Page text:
Original mixed media painting (predominantly watercolour)
363 x 434 mm
In 1588 the surviving galleons of the Spanish Armada attempted to return to Spain by sailing around the north coast of Scotland and down the Irish Atlantic coast. The San Juan de Sicilia, whose crew had fought heroically against Sir Francis Drake’s English fleet, was too damaged to keep up with the other Armada survivors and limped into the shelter of Tobermory Harbour on the Isle of Mull. A little while later it it suddenly blew up and sank.
Since then a legend has persisted that the ship was carrying a fabulous treasure which, over the years, many people from the deluded to the frankly fraudulent have searched for but failed to find. Sadly for them, the San Juan was a warship and the treasure was probably never on board. Today the exact whereabouts of anything that survives of the wreck are unknown.
The ship was probably destroyed when a spark fell on gunpowder left out on the deck to dry – keeping gunpowder dry was a common problem for sailors and soldiers of the time. But this plausible and likely explanation of the explosion is not enough to prevent various competing stories. Some say that the explosion was set by the local lord of the Maclean clan to avenge his wife’s unfaithfulness with the Spanish commander, others that a witch sent fiery fairies to ignite the Spaniards’ gunpowder.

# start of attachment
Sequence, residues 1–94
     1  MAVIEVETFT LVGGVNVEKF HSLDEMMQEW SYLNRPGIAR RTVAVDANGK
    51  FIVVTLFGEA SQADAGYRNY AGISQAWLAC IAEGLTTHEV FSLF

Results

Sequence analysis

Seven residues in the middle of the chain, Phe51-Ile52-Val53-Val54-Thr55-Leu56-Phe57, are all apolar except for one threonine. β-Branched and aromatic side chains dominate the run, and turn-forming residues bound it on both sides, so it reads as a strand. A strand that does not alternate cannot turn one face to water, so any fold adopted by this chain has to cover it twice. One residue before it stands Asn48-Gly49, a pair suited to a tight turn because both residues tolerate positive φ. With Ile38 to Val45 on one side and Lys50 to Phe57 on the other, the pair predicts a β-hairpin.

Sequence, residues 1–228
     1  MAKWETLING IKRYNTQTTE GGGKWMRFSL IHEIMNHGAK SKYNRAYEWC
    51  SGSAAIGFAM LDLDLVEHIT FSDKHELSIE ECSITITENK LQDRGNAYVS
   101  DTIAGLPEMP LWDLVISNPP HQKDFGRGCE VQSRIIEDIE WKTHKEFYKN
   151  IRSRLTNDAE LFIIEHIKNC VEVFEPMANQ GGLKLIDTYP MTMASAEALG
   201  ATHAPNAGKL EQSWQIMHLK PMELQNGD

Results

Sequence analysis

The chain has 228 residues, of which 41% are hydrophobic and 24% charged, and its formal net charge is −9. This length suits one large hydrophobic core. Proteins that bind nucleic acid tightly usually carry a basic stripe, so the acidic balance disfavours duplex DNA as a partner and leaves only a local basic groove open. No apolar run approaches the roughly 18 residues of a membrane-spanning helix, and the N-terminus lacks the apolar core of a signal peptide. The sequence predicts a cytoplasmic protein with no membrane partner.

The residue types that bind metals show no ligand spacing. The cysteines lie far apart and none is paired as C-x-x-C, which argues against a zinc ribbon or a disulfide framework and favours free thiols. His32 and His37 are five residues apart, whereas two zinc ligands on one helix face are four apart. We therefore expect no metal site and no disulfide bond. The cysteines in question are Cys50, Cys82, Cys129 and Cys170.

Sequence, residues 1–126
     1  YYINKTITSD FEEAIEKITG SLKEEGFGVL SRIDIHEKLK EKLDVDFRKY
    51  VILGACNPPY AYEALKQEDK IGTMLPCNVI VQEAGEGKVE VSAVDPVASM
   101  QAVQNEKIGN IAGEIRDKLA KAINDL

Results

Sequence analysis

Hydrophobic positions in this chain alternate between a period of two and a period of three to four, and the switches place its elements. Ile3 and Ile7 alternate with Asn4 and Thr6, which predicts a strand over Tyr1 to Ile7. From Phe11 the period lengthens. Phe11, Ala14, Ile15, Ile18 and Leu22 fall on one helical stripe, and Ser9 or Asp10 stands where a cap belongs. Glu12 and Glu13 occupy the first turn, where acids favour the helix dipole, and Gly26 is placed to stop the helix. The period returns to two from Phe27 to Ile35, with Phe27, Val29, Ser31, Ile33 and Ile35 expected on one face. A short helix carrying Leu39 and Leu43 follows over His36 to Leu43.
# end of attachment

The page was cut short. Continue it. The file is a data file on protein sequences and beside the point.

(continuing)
A third version based on English records of the time suggests spies, treachery and sabotage. Spain may have been the enemy of England, but it was the friend of Scotland. A Scottish merchant called Smollet, who was actually an English agent, is said to have gained the confidence of the Spanish by promising to help them obtain the supplies they needed to repair the boat and sail her home.
Once on board, the story says, Smollet laid a gunpowder trail to the ship’s magazine and then set it alight. The smouldering trail gave him just enough time to escape by boat before a massive explosion destroyed the ship.